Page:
Limerick
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Fact sheet
Description: 

Following the sound of detonations the Limerick meteorite fell on September 10th 1813. A shower of stones were recovered (7.7 kg at Scagh, 29.5 kg at Brasky, 10.9 kg at Faha and several small stones near Adare. The total mass is 48.1 kg).

Limerick is near Carlow, Wicklow Mountains, County Carlow, Ireland.

The Limerick meteorite is classified as an H5 (veined) chondritic meteorite meaning it has a high iron content (12-21%) and distinct chondrules (olivine and pyroxene mainly). Rotation 1 shows a few small chondrules and part of a larger chondrule. Rotation 2 is less distinct, but also shows small chondrules. Chondrules are thought to have formed from the condensation of hot gases in the solar system around 4.6 billion years ago. The reflected light view shows considerable metallic iron (silvery grey) and earlier crystallised troilite (golden yellow). The streaky marks visible on the hand specimen are saw cuts.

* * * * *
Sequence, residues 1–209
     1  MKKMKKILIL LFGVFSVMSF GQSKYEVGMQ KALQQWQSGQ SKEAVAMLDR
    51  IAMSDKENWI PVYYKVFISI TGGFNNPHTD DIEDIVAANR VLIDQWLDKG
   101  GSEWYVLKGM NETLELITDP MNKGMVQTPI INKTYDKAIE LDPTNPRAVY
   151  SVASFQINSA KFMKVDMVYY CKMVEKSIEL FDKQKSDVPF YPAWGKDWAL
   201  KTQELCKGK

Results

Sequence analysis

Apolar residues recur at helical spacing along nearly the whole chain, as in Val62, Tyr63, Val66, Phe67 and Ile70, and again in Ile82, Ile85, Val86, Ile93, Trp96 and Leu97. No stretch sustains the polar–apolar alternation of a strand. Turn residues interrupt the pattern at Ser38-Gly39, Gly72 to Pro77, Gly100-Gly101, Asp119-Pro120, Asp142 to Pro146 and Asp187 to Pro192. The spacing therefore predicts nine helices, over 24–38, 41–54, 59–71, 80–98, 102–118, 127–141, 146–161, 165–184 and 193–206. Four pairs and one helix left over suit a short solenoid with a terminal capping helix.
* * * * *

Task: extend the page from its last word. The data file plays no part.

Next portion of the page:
See also:
http://www.bimsociety.org/bim3.shtml

http://www.lpi.usra.edu/meteor/metbull.php?code=14652

Specimen: BM1955,115
Thin section: 

In Place
In Time
Location description: 
County Limerick, Ireland
Accuracy:
Location precision: 
Moderate
Timescale:
Not known
Ma = Millions of years ago
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meteorite
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